Everyone in the world uses energy in their daily life, whether it’s to power homes, drive cars, or even eat food. Everything you eat or purchase, from cheeseburgers to washing machines, undergoes a process that uses energy somewhere along the line. The world’s energy supply is finite, and the renewable energy supply is even more so. If we are to address our world’s renewable energy needs holistically, powering everyone and everything sustainably will require a variety of tactics.
This philosophy is true for power producers and consumers. While it may seem like a no-brainer for producers to invest most of their available capital into clean alternatives like solar and wind power, future-proofing energy markets will take a bit more of a complex approach. Solar farms aren’t built in a day, and community energy needs are constant. A local utility simply cannot fully divest from traditional sources in an instant. Such a tactic would risk not having enough power for thousands of homes, hospitals, and government buildings. Companies that want to retain these local contracts while making progress on sustainability efforts are getting creative given this reality.
Dominion Energy, a utility that provides energy for various areas, including parts of Utah and Idaho, is a power company thinking outside the box. It is doing so with the help of carbon offsets. Offsets have emerged as a way to keep companies accountable in recent years. One is tied to a finite amount of carbon that can be legally emitted into the atmosphere. Because the government limits the supply of offsets, businesses have to outbid one another if they want to continue lawfully emitting gasses.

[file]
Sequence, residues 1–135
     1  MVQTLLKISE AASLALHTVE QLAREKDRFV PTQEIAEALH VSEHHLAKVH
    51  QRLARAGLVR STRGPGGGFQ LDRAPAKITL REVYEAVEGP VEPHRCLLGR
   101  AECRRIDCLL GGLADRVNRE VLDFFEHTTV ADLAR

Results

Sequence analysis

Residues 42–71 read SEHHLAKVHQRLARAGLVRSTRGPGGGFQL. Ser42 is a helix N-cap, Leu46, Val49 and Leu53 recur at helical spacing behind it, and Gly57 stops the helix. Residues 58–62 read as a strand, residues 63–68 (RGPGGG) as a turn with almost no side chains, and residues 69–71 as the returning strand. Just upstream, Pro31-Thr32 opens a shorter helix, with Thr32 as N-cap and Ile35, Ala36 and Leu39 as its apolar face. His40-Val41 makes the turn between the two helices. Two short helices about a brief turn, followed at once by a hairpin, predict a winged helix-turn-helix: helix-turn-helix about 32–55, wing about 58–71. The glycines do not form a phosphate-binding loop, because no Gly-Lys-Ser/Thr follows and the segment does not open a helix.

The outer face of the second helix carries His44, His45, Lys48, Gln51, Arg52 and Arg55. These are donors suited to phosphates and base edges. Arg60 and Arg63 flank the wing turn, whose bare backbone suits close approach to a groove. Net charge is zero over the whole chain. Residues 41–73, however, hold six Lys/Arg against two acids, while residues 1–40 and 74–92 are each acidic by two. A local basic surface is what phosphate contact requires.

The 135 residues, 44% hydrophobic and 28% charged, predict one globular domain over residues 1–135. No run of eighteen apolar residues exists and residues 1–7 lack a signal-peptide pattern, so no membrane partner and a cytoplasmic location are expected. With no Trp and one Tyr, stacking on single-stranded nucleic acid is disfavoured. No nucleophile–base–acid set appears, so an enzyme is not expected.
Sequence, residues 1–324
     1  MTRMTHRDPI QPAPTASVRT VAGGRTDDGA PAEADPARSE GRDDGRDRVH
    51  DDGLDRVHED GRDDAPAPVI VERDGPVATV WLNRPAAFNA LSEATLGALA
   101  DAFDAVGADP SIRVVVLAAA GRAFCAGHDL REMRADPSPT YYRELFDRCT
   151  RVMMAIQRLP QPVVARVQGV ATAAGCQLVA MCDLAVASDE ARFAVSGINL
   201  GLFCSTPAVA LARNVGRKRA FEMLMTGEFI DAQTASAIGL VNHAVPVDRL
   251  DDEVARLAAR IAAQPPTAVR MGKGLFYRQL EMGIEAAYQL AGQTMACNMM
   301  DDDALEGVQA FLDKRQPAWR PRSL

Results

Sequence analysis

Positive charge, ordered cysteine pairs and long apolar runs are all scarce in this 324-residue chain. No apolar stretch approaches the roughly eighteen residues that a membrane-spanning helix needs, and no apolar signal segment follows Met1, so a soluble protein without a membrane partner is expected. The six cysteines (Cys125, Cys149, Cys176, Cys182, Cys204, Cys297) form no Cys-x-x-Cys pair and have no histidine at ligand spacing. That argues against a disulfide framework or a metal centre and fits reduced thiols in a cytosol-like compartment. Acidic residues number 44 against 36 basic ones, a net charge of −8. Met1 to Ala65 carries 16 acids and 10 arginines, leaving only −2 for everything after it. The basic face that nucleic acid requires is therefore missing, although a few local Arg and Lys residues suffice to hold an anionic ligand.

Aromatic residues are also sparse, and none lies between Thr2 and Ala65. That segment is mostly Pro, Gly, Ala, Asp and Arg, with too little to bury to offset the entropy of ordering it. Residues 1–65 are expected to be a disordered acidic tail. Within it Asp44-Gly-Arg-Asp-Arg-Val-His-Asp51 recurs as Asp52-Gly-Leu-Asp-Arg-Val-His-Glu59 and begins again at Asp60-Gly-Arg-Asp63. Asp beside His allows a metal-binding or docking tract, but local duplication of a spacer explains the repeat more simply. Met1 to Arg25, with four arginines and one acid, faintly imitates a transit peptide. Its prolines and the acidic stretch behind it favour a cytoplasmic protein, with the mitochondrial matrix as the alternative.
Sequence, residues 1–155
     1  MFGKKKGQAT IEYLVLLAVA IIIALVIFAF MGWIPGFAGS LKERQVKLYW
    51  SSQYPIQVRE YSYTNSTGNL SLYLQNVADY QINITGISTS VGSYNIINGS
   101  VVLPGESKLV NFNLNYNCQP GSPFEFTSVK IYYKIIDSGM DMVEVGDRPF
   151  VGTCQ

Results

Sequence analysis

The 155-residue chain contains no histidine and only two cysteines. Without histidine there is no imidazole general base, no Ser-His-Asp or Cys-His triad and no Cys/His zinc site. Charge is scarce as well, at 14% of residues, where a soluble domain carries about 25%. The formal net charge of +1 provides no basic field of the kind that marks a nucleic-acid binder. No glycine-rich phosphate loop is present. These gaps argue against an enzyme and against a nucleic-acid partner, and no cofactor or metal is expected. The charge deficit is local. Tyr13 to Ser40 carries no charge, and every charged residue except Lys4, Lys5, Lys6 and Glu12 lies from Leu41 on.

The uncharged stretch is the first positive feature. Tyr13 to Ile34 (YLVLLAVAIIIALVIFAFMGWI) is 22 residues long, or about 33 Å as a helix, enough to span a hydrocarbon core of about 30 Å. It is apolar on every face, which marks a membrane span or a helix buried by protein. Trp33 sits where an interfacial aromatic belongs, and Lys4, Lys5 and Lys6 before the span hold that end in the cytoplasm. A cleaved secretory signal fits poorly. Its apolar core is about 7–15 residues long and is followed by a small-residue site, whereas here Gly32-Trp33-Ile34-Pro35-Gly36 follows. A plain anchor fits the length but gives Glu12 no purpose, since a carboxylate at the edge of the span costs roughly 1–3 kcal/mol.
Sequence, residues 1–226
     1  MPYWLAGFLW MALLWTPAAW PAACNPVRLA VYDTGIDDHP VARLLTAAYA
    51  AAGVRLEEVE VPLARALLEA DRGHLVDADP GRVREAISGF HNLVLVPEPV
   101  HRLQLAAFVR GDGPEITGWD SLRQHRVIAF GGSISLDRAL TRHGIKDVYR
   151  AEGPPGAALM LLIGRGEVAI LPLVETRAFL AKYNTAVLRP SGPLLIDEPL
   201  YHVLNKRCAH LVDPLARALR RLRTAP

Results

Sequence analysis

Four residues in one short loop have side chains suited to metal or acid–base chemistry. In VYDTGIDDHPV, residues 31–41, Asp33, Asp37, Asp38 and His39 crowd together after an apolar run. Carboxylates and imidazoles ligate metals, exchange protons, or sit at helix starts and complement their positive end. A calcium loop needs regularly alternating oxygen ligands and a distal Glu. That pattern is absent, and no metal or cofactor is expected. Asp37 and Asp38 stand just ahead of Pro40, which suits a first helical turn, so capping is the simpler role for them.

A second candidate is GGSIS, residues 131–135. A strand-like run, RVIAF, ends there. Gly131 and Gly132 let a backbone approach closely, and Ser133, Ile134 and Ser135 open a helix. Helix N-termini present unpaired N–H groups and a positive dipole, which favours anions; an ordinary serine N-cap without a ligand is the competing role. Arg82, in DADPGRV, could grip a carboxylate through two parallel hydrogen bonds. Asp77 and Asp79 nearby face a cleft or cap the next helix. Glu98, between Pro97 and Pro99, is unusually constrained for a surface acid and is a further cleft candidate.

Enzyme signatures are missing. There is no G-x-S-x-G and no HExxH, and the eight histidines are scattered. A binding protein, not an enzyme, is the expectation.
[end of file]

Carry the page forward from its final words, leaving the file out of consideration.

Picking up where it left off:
Dominion took this idea and turned it on its head by directly selling carbon offsets to consumers as part of its CarbonRight program. Consumers can purchase “blocks” for $5. One block is equivalent to an average household’s monthly energy usage, meaning people can power their homes sustainably for about $60 per year.
While participating customers aren’t powering their homes with solar or wind power, they are doing the equivalent in an indirect way. Dominion has embarked on a variety of renewable projects that involve the removal of carbon from the atmosphere.
Many operations based in Utah and Missouri are underway to reduce landfill emissions, and a forest management project in Minnesota will capture carbon emissions.
Because these projects remove emissions from the air, they generate new carbon offsets, which Dominion then sells to its customers. So, while the physical energy powering your home likely comes from a traditional source, your monthly $5 does contribute to emissions removal, thus making it sustainable in the long run.
The program represents just part of a comprehensive effort from Dominion to reduce its own footprint and its customers. Dominion’s ThermWise program already works with households and businesses to reduce energy usage, and the GreenTherm program encourages customers to support renewable projects as CarbonRight does.
The initiative rolled out in March. Before the launch, Dominion representatives like spokeswoman Jorgan Hofeling were optimistic about the potential of a new era of corporate-consumer energy responsibility. “It’s just another way for us and our customers to take control of their energy usage,” she said.